Messy Color™ Sapphire

511543 - Sold Out

Sapphire (511543)<br />A transparent cobalt blue.

A transparent cobalt blue.

Click here to view Sapphire Uniques

"Sapphire shifts to a smoky grey blue under fluorescent light." – Deb Dunkerton

Click here for other interesting Sapphire discoveries.

Effetre White 204 encased in CiM Sapphire, decorated with CiM Creamsicle. Spacers are CiM Creamsicle.
Laura Sparling
Messy Sapphire & DH Aurae
Darlene Collette
Messy Sapphire, Hades, & dark ivory
Lori Bergmann
Messy Sapphire with dichro
Pat O'Brien
Messy Sapphire
Bonnie Polinski
CiM Foam cores with Sapphire and Chalcedony spacers
Laura Sparling

CiM Tester Feedback

  • CiM Sapphire
"Sapphire has to be one of my favourite blues. The end result is gorgeous, no other blue comes close to it. It has an inner glow when turned into beads. I love the richness of Sapphire." – Juliette Mullett
"I find Sapphire to be a lovely, crystal clear purply blue. Just lovely and unique in use. In the rod, it was not as impressive, so I didn’t actually use it for a long time. In beads, though, it was just yummy." – Lori Peterson
  • Some testers report that Sapphire is easy to "boil" or "scum."
"I had great luck with Sapphire, but I work in a cooler flame." – Donna Dorman
“My experience with Sapphire is that it likes to be treated on the gentle side, not using lots of heat.” – Leslie Anne Bitgood
“Sapphire is the only color I have a huge problem with boiling/froth—it happens immediately when I try to melt it like I do everything else [approximately 4” from torch tip]. I have to work it at least 7” away from the torch to get it to calm down. I normally don’t have to do this with any other color." – Lori Bergmann
“I love Sapphire, no problem with pitting or boiling, it tends to come out darker than I expect though.” – Julie Fountain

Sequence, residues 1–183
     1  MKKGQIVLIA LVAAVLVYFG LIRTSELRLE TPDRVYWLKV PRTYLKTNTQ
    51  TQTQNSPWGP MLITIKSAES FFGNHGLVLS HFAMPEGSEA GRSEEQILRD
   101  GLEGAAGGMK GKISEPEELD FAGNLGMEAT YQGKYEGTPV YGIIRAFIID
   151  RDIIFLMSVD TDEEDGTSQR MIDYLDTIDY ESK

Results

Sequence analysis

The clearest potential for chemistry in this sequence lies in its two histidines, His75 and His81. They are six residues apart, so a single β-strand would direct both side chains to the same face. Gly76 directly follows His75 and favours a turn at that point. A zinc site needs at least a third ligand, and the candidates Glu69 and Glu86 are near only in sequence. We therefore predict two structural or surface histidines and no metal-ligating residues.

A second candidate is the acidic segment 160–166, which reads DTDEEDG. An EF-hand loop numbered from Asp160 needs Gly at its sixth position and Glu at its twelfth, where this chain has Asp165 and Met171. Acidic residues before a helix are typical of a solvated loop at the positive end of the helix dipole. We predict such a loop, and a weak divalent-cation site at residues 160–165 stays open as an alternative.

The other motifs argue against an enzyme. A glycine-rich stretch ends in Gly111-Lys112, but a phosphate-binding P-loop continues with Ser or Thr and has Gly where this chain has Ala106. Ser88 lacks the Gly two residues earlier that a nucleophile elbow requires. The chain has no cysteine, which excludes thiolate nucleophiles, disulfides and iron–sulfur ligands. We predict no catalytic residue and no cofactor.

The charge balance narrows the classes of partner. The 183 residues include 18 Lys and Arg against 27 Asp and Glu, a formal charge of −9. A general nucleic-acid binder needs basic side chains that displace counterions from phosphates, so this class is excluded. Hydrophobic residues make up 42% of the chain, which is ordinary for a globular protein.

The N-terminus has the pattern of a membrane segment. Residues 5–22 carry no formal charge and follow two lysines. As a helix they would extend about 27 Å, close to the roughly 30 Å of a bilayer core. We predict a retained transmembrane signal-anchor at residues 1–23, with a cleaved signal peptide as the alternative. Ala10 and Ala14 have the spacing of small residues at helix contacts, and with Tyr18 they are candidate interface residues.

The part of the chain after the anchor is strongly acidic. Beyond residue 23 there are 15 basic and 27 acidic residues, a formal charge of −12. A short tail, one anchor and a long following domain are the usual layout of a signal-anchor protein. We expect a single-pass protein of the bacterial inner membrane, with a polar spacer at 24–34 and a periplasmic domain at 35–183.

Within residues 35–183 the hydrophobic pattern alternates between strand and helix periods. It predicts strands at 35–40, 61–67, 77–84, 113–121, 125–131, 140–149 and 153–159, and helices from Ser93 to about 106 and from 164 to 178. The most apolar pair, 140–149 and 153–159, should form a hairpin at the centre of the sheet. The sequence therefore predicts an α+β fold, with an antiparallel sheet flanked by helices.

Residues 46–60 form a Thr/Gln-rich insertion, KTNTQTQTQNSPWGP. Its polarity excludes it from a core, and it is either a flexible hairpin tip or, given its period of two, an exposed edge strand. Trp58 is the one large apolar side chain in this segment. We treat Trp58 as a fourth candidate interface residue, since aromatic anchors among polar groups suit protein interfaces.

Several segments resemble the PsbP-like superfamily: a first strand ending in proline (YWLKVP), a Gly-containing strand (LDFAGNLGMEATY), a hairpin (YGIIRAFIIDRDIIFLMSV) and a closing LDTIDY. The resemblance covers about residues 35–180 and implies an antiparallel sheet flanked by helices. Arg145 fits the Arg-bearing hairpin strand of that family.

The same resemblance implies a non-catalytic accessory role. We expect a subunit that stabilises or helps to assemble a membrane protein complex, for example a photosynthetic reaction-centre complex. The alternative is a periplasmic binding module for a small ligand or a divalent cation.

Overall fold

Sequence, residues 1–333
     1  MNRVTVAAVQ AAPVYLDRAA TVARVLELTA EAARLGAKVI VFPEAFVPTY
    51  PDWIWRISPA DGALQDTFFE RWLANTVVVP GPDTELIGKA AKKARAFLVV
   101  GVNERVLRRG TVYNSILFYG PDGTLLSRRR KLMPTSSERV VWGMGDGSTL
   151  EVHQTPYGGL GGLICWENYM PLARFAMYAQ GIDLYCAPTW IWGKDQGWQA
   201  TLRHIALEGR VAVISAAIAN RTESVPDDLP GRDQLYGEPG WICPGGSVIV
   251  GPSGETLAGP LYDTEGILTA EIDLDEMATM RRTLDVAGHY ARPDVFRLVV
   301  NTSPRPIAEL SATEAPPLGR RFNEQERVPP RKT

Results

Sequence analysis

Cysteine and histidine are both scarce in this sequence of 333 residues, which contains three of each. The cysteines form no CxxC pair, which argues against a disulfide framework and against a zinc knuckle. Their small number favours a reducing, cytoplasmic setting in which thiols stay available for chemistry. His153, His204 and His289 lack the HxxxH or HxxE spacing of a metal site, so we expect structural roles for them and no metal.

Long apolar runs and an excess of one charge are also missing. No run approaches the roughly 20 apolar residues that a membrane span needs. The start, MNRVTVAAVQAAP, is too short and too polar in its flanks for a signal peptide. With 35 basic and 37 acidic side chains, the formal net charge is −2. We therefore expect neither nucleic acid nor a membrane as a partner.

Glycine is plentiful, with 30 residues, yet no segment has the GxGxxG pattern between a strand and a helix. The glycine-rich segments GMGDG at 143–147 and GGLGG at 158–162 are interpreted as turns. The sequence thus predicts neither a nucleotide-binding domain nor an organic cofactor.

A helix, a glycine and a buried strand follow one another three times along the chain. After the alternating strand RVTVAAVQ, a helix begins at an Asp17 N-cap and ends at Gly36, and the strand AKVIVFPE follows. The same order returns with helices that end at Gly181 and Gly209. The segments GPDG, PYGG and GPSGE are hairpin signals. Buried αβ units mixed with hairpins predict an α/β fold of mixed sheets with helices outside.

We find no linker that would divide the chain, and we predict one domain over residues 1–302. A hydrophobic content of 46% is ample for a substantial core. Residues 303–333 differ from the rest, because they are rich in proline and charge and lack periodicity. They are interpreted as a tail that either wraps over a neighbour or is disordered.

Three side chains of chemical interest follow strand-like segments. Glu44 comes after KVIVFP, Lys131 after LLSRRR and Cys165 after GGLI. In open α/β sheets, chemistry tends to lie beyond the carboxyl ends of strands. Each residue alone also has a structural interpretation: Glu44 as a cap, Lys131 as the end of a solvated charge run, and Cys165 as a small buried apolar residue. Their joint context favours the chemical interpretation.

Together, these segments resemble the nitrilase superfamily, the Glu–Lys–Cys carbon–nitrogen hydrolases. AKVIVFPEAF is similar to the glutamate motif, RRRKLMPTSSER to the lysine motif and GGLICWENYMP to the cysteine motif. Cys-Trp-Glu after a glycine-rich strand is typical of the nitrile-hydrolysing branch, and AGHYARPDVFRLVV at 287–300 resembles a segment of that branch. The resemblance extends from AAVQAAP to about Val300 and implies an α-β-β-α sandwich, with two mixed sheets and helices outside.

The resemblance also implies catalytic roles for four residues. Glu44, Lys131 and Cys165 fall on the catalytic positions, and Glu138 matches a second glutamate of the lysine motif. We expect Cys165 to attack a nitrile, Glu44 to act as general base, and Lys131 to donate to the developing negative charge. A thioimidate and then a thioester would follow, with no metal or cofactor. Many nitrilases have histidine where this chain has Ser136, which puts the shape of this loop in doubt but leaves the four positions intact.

“Sapphire scums for me, if I work it too hot. But I have found those cobalt based blues are a bit tricky sometimes. When I made beads with a Hothead, I rarely even used the Italian transparent cobalt blues, because they got smoky so easily. Aquamarine blues are easier!” – Maija-Leena Autio
“I find that you need to warm CiM colors more carefully to avoid the cracking, boiling. Even though I have observed bubbling and frothing, I find it’s from working the glass too hot. When I move it out a little further, the issue resolves. CiM seems to need to work just a smidgen ‘cooler’.” – Jennifer Borek
"Since I turned down my flame considerably, I don’t seem to have a problem with boiling or scum." – Jan Whitesel-Keeton
 “I prefer ALL of the CiM turquoise family colors to the Italian colors simply because they melt so much better and smoother.” – Renee Wiggins
“I love Sapphire. I had no sign of sparking or foaming. I was able to give it the necessary heat to let the glass flow enough for encasing and pressing.” – Gail Witt
  • Special thanks to Genea Crivello-Knable, Vonna Maslanka, & Maija-Leena Autio for providing the photos in this section.

DragonJools encased Heffalump with Sapphire.
Check out how Darlene Collette used Oz, Pulsar, & Sapphire with 99% fine silver.
Darlene Collette made a set including Sapphire with 99% Fine Silver Wire.
Genea Crivello-Knable made a button with Sapphire.
Pat Frantz demonstrates zigzag feathering with Sapphire & Marshmallow.
Liz Long shows how Stone Ground pairs well with Sapphire. See Liz's  bead on her blog.
Join Trudi Doherty's FB group Lampwork Colour Resource Sharing Information for a catalogue of color study.